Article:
Not So Special For A Season Opener
But Still A Solid First Episode
It was just a couple of days ago, during a review, when I realized how the trend to open the show with a political sketch feels like it starts each episode in a hole that our host they has to crawl out of. Tonight I realized this wasn't the always the case and that I used to like the political satire and I just figured out the potential reason. I think the real reason that I hate the political bits from this time is that I think Will Forte is too adorable as Bush and despite the fact that they are bashing the potential war criminal, it may be why both sides now see this monster as a cute little man who loves to paint.
So, tonight's show did start out in a hole but we were quickly out of it with the help of Steve Carell. Though tonight's episode didn't feel all that special for a season opener, it did present enough evidence that this season is going to be a fun one. Yes, there were a few post-summer bugs but thanks to the return of Jason Sudeikis, who snuck in at the end of last year, and the addition of Bill Hader and Andy Samberg, this season already seems to have the energy boost that last season desperately lacked.
Another difference that I've noticed between this season and last year is that these three new dudes brought some goofiness back to the show. Last season, I also pointed out that I there was a problem with the most Upright Citizens Brigade-trained. Don't get me wrong, I love the UBC and currently listen to tons of podcast by people from their crew, but it felt like there was a merger of the school/club's alt-comedy style and mainstream entertainment that created a hybrid of the two that didn't work all that well.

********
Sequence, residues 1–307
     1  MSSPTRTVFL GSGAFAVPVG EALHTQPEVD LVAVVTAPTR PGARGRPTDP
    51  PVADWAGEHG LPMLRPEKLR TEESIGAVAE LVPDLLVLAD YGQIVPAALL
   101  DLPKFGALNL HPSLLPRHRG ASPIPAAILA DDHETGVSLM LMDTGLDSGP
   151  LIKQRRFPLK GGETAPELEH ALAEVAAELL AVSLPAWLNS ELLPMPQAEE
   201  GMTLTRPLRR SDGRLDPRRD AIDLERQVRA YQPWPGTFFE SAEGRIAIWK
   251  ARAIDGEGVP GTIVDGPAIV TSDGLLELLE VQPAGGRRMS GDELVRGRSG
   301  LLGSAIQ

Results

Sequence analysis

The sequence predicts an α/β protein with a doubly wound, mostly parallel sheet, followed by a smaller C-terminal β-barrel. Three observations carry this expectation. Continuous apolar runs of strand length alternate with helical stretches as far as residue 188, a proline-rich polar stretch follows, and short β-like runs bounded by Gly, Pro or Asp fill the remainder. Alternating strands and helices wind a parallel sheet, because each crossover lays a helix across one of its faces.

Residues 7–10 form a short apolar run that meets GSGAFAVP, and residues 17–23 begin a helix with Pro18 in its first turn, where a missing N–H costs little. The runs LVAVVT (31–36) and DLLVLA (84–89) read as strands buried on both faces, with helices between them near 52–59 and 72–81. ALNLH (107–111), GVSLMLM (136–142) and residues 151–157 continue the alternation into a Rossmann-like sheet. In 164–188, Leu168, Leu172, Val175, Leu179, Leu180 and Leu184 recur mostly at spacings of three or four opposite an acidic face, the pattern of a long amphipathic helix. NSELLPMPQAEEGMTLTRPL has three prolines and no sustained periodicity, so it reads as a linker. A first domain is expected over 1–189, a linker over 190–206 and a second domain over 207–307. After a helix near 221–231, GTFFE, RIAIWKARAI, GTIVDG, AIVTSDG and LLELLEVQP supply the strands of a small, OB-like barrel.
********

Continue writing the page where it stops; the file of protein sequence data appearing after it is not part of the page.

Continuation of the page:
It was as if the toning down of the alt-comedy for the masses led to sketches that felt like they wanted to be intellectual but missed the mark which then also softened the silliness that had the potential to be there. Not only do I feel that these three new featured players will add to the fun, I'm also pretty confident that the upcoming addition of Kristen Wiig will double the number of laughs brought in with the fresh cast.
Either way, this season opener has given me hope that this season will lead to way less uninspired post about why I felt each episode was so so-so leading me to make so-so content myself. The worst part about review an average night is that it often leads me to commit the problems that I'm complaining about, like my repetitive complaining about how repetitive the show can be.
With all of that said, it's now time to wrap this one up, and to do so, I give you...
The Wicker Breakdown:
This week's show started with a parody of NBC Special Report where once again, Darrell Hammond played Tim Russert, this time to host a Q&A session with a very reluctant Will Forte and President George W. Bush who very nervous about having to answer any question about current events without the help of a handler. Of course, with this being the opening sketch, it eventually led to the announcement of, “Live from New York...”
Steve Carell then officially opened the show with a monolog about he once auditioned to be on the show as a Not Ready For Prime Time Player only to be beaten out by Will Ferrell. He then went on to brag about his recent success with 40-Year-Old Virgin and how the sleeper hit put him in front of a whole new audience than he was used to before he was in such a hit. This led him to sing a song about how he now in league with “frat-packers” like Ben Stiller, Vince Vaughn, Owen Wilson and so-on and so-on.
This was followed by a fake ad for The Morgan Stanley Brokerage Firm that had Will Forte and the titular CEO/Broker who berated Amy Poehler about the fact that she was not trying enough at school and dressed like a whore as if he were an irate stepfather, especially considering Poehler's “couldn't care less response. After the tirade was over, we learned that he wasn't related to Amy at all but was just her timid dad's, as played by Fred Armisen, stockbroker to show just how far the company will go to make sure that their client's money is going to the right cause by trying to be the nagging voice to make sure Armisen didn't waste his money on college and that Poehler would actually learn.